Considering the additional context that this is a sequel to Silent Hill (which was about a father trying to rescue his daughter from a demonic cult), players may have had even less reason to not trust James. They have no clue that this game is going to deviate from the first game's premise and be an introspective and metaphorical tale that is almost completely divorced from the first game's plot. They just know it has the number 2 in the title, so it probably follows from the story of its predecessor. Maybe Mary really is alive? Maybe she's another vessel for the cult's demon god? Or maybe her soul was also split and there's a psychic Mary doppelganger living in Silent Hill who is summoning James to help her stop the cult's plans? Or maybe that doppelganger wants to trick him into helping the cult? And hey, guess what? A few hours into the game, we do indeed meet a Mary doppelganger!

Based on the opening minutes of the game, Silent Hill 2 can go in a lot of potential different directions, either introspective, supernatural, cult-driven, or any combination thereof.

The remake (trailer) opening

Now, compare this to the opening scene of the game, as shown in the trailer for Bloober's remake:

The remake shows a nervous and discombobulated James bursting into that same bathroom in a sweaty huff, holding and rubbing his shaking hands. Then he looks up at the mirror, face dripping with nervous sweat, the camera fades to black, and when it fades back in, James has apparently done a hard reset into a fugue state, and we see him more or less as he was in at the beginning of the original game.

This is anything but subtle or subdued. It is clear right from the start that James is undergoing some kind of stress or trauma, and the rubbing of the hands, which alludes to Lady MacBeth trying to scrub imaginary blood from her hands to satiate her guilt, is a dead-giveaway that the obvious trauma is guilt from a murder. The hard reset is also a dead giveaway that James is suddenly repressing that trauma and guilt.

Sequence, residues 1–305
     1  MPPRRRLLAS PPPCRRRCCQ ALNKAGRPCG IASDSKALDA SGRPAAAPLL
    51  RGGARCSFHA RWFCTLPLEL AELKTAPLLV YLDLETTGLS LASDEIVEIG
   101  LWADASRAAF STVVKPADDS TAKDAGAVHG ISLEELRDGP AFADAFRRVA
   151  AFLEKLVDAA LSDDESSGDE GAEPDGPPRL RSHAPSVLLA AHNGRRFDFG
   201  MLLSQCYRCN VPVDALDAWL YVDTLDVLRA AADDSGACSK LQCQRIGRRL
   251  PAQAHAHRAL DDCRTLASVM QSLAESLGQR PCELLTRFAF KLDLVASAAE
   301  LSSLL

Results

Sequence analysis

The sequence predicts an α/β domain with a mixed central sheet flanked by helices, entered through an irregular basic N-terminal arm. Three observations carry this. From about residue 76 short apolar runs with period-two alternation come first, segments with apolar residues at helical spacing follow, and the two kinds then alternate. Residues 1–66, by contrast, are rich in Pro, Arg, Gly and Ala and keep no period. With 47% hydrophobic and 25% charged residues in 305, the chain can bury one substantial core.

This opening completely gives away, right from the first seconds, that James is an unreliable narrator going through some degree of psychosis, and that the player cannot take anything that happens at face value. James just suffered a traumatic experience, something for which he feels guilty, and something that was clearly violent, since he is metaphorically washing the blood from his hands in the bathroom sink. And then he immediately starts talking about his wife being dead. So gee, I wonder what he feels guilty for?

The opening of the remake trailer clearly alludes to Lady MacBeth washing metaphorical blood from her hands.

Hell, this isn't even the game spoiling its own ending; it's the announcement trailer spoiling the ending!

Now, sure, I'm looking at this with full knowledge of the original game's story, so I'm going to be more inclined to pick up on these details and immediately understand their meaning in context of the original game. It's possible that all this slipped past audiences who have little-to-no knowledge of the original game and its ending. But even so, it still immediately gives away the un-reliable narrator and that this is a story about some kind of guilt and trauma. Further, since Konami didn't bother with a remake of the first Silent Hill, nor have they (to my knowledge) re-released the original PS1 Silent Hill in a digital format that is playable on newer consoles, the new audiences don't have any preconceived notions about what this story, as a probable continuation of the previous story, should be about. All they have to go on is this walking-talking Lady MacBeth reference.